Aquarium won’t pursue case involving dead trainer

For the Georgia Aquarium, the investigation into alleged abuse by the late dolphin trainer Jose Luis Barbero is over.

Barbero was chosen to become a new senior vice president at the downtown attraction, but then animal rights activists released a video allegedly showing Barbero yelling at and slapping dolphins in his care at Marineland Mallorca in the Mediterranean.

Mike Leven, CEO of the Georgia Aquarium, put Barbero's hiring on hold, and sent the videos for forensic evaluation. Barbero then disappeared. Earlier this month, his body was found in a car parked at the Mallorca airport, his death treated as a suicide.

Leven heatedly criticized “activists” who, he said, “tortured” Barbero with harassment and threats. But the CEO said the Georgia Aquarium will not proceed with the investigation into the charges against Barbero.

“We’ve got to go on with our lives,” Leven said Thursday.

Barbero first began working as a consultant for the Georgia Aquarium about eight years ago, and helped the aquarium plan its “Dolphin Tales” show, which incorporates actors, music, and acrobatic performances by the animals.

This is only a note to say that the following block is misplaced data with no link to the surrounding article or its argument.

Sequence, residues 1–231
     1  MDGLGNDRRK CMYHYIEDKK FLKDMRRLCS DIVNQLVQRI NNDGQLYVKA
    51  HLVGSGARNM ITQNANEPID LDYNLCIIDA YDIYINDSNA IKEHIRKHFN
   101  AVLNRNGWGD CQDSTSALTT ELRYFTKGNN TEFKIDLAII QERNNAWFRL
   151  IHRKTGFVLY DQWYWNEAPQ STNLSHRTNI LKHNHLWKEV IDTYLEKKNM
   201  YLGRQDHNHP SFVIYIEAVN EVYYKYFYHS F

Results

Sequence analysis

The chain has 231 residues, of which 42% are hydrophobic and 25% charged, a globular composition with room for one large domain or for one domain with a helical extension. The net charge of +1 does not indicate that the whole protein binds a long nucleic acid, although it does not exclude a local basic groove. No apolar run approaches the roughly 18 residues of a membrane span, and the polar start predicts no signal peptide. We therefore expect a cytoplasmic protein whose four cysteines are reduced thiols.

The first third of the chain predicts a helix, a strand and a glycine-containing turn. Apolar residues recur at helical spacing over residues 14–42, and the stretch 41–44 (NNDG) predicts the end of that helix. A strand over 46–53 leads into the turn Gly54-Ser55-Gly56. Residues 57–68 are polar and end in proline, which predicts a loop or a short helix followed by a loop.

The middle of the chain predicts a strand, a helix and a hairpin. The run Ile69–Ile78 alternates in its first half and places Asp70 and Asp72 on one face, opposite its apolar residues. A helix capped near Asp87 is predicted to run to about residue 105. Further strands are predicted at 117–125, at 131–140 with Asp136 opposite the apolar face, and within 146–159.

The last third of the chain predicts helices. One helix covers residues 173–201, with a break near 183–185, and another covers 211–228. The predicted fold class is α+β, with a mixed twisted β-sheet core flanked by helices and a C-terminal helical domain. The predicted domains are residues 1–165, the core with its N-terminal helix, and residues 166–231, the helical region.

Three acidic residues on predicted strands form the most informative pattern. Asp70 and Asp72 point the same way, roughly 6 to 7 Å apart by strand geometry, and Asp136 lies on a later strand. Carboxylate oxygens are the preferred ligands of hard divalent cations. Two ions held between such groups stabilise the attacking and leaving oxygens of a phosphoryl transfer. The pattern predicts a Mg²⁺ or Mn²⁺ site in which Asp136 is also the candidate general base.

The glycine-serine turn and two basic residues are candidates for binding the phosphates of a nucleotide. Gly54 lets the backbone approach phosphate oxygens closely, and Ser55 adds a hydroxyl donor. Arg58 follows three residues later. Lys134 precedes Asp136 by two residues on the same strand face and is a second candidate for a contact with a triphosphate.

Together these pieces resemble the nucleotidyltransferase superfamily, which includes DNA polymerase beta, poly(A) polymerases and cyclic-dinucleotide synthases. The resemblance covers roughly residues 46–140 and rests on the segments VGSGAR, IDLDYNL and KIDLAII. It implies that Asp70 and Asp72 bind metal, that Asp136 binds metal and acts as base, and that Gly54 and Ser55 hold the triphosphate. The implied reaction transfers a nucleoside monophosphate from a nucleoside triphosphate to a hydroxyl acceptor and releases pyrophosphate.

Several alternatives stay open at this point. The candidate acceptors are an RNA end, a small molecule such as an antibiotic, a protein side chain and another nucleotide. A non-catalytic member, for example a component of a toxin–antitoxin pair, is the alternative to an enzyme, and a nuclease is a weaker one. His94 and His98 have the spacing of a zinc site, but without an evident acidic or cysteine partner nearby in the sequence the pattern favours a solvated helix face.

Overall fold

Barbero worked at Marineland Mallorca from 1980-1992, and again from 2013-2015. In between those stints, he trained dolphins at Aqualand Costa Adeje in Tenerife, among the Canary Islands.

Barbero can be seen in YouTube videos performing flips with the dolphins at the Tenerife park.

The Georgia Aquarium sought to bring Barbero to Atlanta to help update the "Dolphin Tales" show, Leven said, adding that he was recommended as the "best trainer in the world." Barbero agreed to move to Atlanta, but had not relocated by the time the first video showed up, which appears to include footage from a Marineland Mallorca security camera.

Barbero told El Mundo that the video images had been manipulated and that the charges were part of a campaign to discredit him “orchestrated” by ex-workers at Marineland Mallorca.

The Georgia Aquarium sent an investigator to Mallorca to look into the accusations against Barbero and then discovered the existence of a second video showing alleged abusive training techniques.

A statement from the Mallorcan marine park expressed confidence in Barbero’s performance and said they plan to continue the investigation to help clear Barbero’s name: “We will continue helping the Police and Legal Authorities to clarify the events in order to help cleanse any responsibility arising therefrom, in defence of truth and the memory of Jose Luis,” the park said in a statement.

Michele Bollo, founder of the activist group Mothersea, said if Barbero was threatened, she would find that “appalling” and added that tragedy reflects on the marine park industry rather than on Barbero. “This is less about Mr. Barbero and more about industry failure,” she said.